Less than a year after Malaysia’s Prime Minister Najib Razak announced that he would repeal the country’s Sedition Act — a law that curbs free speech — the state is using it to arrest and charge members and supporters of the opposition.
Still, this is doing little to deter activists, opposition supporters and citizens who continue to turn up in droves to protest against electoral fraud. Nine rallies — part of a series known as Blackout 505 — have already been organized, the last one having gone ahead on May 25 despite a government clampdown.
Malaysia’s political activists have been out in full force since the general election in early May. Amidst accusations of gerrymandering, the incumbent coalition Barisan Nasional held on to power despite having lost the popular vote. The result disappointed many who had hoped that this election would finally bring a change in government after 58 years of Barisan Nasional rule. Demonstrations erupted across the country as Malaysians protested over reports of electoral fraud and irregularities.
“It is clear that to have a clean and fair election process in the near future would be an uphill task after witnessing the amount of irregularities happening in certain states,” said first-time voter Adrian Phung. “[The election] made me realize that the general public is willing to go all out to ensure that the election process is clean and fair.”
This was the focus of a forum on May 13. The slogan “Selamatkan Demokrasi,” or “Save Democracy” in Bahasa Malaysia, called for people to stand up for democratic processes in Malaysia, and the event featured a long list of speeches from opposition members and pro-democracy activists.
It was one in a series of events criticizing the government, but this forum led to serious consequences. Two leaders from the opposition coalition Pakatan Rakyat, Tian Chua and Thamrin Ghaffar, were arrested. Also arrested were activists Haris Ibrahim and Adam Adli.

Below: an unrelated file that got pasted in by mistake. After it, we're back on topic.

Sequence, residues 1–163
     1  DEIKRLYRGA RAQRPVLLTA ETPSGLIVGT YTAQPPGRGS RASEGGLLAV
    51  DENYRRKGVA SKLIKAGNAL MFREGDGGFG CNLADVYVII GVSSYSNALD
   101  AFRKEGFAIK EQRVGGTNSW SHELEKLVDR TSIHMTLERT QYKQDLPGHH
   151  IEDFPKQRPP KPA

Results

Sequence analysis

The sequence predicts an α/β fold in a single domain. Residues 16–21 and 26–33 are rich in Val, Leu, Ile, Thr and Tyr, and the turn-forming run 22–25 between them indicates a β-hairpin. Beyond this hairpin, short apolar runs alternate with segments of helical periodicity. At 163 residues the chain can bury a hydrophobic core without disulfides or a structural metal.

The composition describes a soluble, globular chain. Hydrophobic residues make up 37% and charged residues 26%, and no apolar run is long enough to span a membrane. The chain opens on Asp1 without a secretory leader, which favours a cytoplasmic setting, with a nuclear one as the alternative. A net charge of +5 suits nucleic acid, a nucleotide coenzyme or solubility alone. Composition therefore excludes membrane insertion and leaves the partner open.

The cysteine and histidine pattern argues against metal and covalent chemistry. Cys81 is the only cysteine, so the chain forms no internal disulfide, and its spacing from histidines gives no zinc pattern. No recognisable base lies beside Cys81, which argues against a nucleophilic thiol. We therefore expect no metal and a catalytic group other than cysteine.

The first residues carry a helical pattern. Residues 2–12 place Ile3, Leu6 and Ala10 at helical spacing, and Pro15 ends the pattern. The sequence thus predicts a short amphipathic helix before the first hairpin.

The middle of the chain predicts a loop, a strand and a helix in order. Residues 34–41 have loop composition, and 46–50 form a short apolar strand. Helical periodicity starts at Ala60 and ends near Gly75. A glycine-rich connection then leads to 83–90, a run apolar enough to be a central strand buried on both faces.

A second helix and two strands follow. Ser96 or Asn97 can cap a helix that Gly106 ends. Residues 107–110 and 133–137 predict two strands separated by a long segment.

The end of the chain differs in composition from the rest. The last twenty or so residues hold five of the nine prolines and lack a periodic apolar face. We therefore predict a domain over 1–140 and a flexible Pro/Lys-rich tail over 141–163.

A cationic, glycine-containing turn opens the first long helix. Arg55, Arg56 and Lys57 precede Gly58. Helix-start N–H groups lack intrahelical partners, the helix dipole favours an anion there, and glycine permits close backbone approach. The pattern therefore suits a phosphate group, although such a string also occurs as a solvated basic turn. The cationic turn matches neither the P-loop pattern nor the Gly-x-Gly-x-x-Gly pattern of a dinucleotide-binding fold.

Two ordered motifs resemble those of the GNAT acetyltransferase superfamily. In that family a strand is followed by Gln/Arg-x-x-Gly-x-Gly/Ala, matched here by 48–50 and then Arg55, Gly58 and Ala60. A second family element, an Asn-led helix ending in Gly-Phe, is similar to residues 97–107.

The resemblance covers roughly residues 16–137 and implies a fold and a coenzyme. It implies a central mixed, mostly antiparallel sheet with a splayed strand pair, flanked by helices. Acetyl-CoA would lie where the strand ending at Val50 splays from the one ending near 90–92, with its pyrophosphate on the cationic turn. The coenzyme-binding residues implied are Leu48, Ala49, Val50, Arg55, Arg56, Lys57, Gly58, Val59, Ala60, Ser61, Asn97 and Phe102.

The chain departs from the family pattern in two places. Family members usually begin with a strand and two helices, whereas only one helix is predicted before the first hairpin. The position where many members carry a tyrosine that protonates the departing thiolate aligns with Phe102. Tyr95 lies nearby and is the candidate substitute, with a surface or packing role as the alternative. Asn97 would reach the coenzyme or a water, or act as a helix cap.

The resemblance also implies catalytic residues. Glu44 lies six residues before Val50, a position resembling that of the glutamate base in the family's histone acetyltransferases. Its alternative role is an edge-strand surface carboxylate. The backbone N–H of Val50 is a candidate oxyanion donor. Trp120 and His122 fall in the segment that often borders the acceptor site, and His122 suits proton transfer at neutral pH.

“Adam Adli was charged under Section 4(1)(b) of the Sedition Act for allegedly uttering a seditious statement at a public forum where he called for Malaysians to go to the streets to protest against the election fraud,” said his lawyer Fadiah Nadwa Fikri. If found guilty, he could find himself in jail for at least three years, and/or fined up to RM5,000 (approx. $1,648).
The use of the Sedition Act against Adam angered Malaysians, some of whom began to gather nightly outside the Jinjang Remand Center to hold candlelight vigils calling for his release. The day before Adam was due to be charged in court, the police moved in and arrested 18 people.
“We were given 10 minutes to finish our speeches and leave. However, as I recall, the police didn’t seem to keep their word and came after us before the 10 minutes,” said Adrian Wong, who was at the vigil that night. “The police shouted and caught people who refused to leave or were leaving slowly.”
Activist Peter Chong was one of those arrested. “The people were pushed away from the main gate of the detention center,” he said. “I was arrested about 30 minutes after the crowd had been dispersed. I stood in front of a restaurant and tried to stop a team of seven to eight officers from entering the premises to detain people.” According to Chong, one of the others arrested was a 15-year-old girl.